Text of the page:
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Thyroid Cancer Treatment

General Information About Thyroid Cancer

Thyroid cancer is a disease in which malignant (cancer) cells form in the tissues of the thyroid gland.

The thyroid is a gland at the base of the throat near the trachea (windpipe). It is shaped like a butterfly, with a right lobe and a left lobe. The isthmus, a thin piece of tissue, connects the two lobes. A healthy thyroid is a little larger than a quarter. It usually cannot be felt through the skin. The thyroid uses iodine, a mineral found in some foods and in iodized salt, to help make several hormones. Thyroid hormones do the following:

There are four main types of thyroid cancer:

See the PDQ summary on Unusual Cancers of Childhood for information about childhood thyroid cancer.

Age, gender, and exposure to radiation can affect the risk of developing thyroid cancer.

Anything that increases your risk of getting a disease is called a risk factor. Having a risk factor does not mean that you will get cancer; not having risk factors doesn’t mean that you will not get cancer. People who think they may be at risk should discuss this with their doctor. Risk factors for thyroid cancer include the following:

Medullary thyroid cancer is sometimes caused by a change in a gene that is passed from parent to child.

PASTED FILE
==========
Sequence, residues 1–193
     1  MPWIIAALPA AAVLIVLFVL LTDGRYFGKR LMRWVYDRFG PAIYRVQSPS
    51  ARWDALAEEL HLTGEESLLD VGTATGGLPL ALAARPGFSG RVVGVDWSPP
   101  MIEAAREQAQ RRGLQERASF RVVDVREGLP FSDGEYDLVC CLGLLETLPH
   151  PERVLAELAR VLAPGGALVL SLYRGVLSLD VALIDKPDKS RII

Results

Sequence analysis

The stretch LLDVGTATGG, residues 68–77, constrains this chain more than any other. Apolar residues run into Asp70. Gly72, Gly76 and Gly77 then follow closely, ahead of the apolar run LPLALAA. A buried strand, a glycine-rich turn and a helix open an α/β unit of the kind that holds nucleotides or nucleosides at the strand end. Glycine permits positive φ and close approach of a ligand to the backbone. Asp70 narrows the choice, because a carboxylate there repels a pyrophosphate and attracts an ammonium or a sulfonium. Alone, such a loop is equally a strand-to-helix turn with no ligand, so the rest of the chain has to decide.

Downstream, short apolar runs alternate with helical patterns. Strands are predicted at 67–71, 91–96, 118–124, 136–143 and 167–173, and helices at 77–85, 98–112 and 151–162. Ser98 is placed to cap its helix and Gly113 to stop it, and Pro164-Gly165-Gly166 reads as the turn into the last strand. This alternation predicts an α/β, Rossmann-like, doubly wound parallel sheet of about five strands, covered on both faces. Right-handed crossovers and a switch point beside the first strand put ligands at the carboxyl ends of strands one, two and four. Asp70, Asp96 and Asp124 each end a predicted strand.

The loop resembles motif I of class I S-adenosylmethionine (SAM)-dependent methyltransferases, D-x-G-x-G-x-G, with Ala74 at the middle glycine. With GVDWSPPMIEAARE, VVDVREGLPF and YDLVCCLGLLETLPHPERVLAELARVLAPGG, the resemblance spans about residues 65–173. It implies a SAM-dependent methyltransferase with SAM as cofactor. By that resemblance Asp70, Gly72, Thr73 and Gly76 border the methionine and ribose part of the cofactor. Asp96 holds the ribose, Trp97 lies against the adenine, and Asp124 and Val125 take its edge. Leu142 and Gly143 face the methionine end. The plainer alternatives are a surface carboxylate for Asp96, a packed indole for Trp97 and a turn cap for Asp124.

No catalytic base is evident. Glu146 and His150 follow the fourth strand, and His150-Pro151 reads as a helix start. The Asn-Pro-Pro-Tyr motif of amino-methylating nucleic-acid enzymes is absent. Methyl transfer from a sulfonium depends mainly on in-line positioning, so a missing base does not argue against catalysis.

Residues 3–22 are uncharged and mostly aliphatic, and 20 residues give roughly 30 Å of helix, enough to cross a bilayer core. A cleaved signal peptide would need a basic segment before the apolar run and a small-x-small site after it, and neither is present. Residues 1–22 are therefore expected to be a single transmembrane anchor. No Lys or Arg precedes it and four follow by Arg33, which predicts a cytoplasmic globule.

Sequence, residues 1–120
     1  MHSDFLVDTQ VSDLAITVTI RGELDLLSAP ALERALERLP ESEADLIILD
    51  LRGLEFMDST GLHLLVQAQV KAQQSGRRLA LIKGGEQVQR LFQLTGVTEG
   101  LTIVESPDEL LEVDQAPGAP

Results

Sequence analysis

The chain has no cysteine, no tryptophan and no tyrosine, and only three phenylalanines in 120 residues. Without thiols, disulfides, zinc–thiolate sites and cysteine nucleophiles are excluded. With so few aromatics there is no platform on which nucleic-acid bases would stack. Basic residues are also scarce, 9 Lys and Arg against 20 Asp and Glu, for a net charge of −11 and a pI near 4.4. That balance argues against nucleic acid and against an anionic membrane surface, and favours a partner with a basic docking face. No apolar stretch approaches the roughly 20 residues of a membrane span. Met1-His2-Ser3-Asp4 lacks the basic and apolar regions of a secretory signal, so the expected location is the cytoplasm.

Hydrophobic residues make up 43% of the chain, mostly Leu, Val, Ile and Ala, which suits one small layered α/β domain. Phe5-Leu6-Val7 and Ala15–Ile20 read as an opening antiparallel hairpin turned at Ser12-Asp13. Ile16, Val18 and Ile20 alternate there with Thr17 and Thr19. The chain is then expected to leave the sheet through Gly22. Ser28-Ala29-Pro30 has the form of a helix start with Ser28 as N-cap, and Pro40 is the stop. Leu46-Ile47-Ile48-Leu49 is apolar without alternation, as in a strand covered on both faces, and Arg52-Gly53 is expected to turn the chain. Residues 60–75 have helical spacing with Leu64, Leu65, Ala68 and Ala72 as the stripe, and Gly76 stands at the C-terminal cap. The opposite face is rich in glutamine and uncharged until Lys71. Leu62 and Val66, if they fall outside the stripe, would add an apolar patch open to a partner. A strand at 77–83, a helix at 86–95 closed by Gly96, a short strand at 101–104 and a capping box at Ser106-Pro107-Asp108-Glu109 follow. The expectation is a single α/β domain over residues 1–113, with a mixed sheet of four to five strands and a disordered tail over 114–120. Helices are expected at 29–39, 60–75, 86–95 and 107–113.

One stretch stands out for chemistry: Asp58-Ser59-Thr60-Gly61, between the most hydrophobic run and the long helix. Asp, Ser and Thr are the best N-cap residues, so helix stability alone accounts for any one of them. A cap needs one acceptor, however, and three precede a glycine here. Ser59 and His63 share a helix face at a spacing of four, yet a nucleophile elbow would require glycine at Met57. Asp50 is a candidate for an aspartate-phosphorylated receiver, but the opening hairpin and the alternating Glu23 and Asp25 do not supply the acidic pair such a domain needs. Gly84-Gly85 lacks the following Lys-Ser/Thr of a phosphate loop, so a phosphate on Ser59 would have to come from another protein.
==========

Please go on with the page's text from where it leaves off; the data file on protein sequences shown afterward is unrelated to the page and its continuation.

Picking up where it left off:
The genes in cells carry hereditary information from parent to child. A certain change in a gene that is passed from parent to child (inherited) may cause medullary thyroid cancer. A test has been developed that can find the changed gene before medullary thyroid cancer appears. The patient is tested first to see if he or she has the changed gene. If the patient has it, other family members may also be tested. Family members, including young children, who have the changed gene can decrease the chance of developing medullary thyroid cancer by having a thyroidectomy (surgery to remove the thyroid).

Possible signs of thyroid cancer include a swelling or lump in the neck.

Thyroid cancer may not cause early symptoms. It is sometimes found during a routine physical exam. Symptoms may occur as the tumor gets bigger. Other conditions may cause the same symptoms. A doctor should be consulted if any of the following problems occur:

Tests that examine the thyroid, neck, and blood are used to detect (find) and diagnose thyroid cancer.

The following tests and procedures may be used:

Certain factors affect prognosis (chance of recovery) and treatment options.

The prognosis (chance of recovery) and treatment options depend on the following: